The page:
GOAL initiates and responds to invitations to train and equip church and local community leaders, confronts the disease of addiction, and cultivates the power of personal recovery so that 12-Step recovery becomes available to everyone, everywhere.
Explanation of the PROBLEM: Why GOAL exists
The heroin and prescription drug epidemic in the USA now has reached epidemic proportions, although alcohol addiction still is the most prevalent around the world. Uganda has the highest per capita consumption of alcohol in Africa. 79% of households in Africa consume alcohol, most of it brewed or distilled illegally, five to seven times per week. 57% of women bear the responsibility for drinking spouses. In Kenya, according to a 2011 NACADA study, ADA (Alcohol and Drug Addiction) causes more deaths than HIV/AIDS and TB. 17.2% of respondents in a recent alcohol and drug abuse and HIV infection study in Nairobi (7/2012) reported that they drink alcohol and had been forced or forced someone to have sex while drunk. 15.7% of those didn't use condoms in non-consensual sex because they did not remember.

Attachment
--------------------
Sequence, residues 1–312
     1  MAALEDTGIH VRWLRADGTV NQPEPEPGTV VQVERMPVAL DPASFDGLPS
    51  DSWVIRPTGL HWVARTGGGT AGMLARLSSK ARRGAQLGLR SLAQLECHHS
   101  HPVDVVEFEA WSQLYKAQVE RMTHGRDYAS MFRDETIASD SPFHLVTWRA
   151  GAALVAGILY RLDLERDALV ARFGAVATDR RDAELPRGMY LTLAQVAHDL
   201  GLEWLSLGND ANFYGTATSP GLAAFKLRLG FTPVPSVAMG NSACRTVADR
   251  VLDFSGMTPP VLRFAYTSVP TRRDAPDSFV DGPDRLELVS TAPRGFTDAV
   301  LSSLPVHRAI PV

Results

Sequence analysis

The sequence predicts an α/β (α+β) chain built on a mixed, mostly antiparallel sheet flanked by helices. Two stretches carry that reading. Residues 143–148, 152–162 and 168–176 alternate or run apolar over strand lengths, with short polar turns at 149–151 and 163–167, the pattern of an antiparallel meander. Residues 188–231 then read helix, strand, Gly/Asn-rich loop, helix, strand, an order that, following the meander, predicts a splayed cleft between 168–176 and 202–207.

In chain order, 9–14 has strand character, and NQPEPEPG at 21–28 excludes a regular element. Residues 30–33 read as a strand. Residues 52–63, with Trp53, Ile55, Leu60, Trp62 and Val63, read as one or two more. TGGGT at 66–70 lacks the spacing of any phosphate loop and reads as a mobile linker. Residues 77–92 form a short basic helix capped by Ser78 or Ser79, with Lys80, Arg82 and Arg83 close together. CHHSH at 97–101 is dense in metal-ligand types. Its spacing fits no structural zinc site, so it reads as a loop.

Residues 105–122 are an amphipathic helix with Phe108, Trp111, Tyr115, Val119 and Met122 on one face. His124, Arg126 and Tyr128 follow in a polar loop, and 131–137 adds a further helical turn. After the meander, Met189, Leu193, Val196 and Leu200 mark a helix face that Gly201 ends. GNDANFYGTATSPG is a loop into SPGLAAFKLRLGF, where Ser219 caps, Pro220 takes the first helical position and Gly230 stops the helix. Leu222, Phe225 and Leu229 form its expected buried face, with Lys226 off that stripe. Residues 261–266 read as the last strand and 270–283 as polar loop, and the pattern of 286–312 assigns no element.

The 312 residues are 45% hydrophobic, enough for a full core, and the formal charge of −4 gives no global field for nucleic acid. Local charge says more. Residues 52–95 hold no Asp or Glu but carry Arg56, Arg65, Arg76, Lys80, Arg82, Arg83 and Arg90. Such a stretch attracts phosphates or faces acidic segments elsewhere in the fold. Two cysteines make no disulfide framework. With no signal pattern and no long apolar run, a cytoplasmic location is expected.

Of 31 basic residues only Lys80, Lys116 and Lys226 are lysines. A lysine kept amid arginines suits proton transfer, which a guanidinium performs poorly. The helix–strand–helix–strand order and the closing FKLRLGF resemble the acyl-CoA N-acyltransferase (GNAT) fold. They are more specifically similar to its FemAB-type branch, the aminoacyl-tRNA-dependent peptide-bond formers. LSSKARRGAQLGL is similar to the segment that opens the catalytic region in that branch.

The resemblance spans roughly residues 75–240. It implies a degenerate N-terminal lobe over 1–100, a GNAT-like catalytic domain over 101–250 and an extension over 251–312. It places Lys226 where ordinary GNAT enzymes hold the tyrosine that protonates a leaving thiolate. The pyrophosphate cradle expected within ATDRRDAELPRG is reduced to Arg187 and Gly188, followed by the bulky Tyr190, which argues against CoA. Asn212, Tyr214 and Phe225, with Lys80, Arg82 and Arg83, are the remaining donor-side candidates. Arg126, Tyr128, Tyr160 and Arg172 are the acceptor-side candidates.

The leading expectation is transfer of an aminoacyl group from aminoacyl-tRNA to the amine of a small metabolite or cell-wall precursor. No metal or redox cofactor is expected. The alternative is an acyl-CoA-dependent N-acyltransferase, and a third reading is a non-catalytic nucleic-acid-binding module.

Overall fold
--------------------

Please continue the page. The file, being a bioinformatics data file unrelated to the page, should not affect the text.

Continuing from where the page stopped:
Explanation of the SOLUTION: What GOAL can do
Although many AA and NA groups and corresponding family-member 12-step support groups exist in the USA, they have been few and far between in African countries. However, as a result of GOAL's mission trainings, new groups now have been formed in Kenya, Tanzania, Ghana, and Uganda. There are also fifteen Narcotics Anonymous groups and over 61 meetings now registered in Egypt. GOAL is a provider for NAADAC certified continuing education trainings both in the USA and around the world,
Explanation of the ACTION: What GOAL does
a. Sends books and literature around the world to assist in addiction training and raising awareness.
b. Holds conferences on addiction and its relationship to the spread of HIV/AIDS.
c. Facilitates certified training workshops as a NAADAC provider and coaches church leadership, providing information on the disease of addiction and on the 12-step program that alleviates this crippling disease.
d. Looks for more on-the-ground partnerships to confront the plague of addiction and its concurrent disorders; HIV/AIDS, diabetes, liver diseases, hepatitis, chronic poverty, the break-up of family and societal life, unemployment, unwanted pregnancies, single parents, and abandoned children.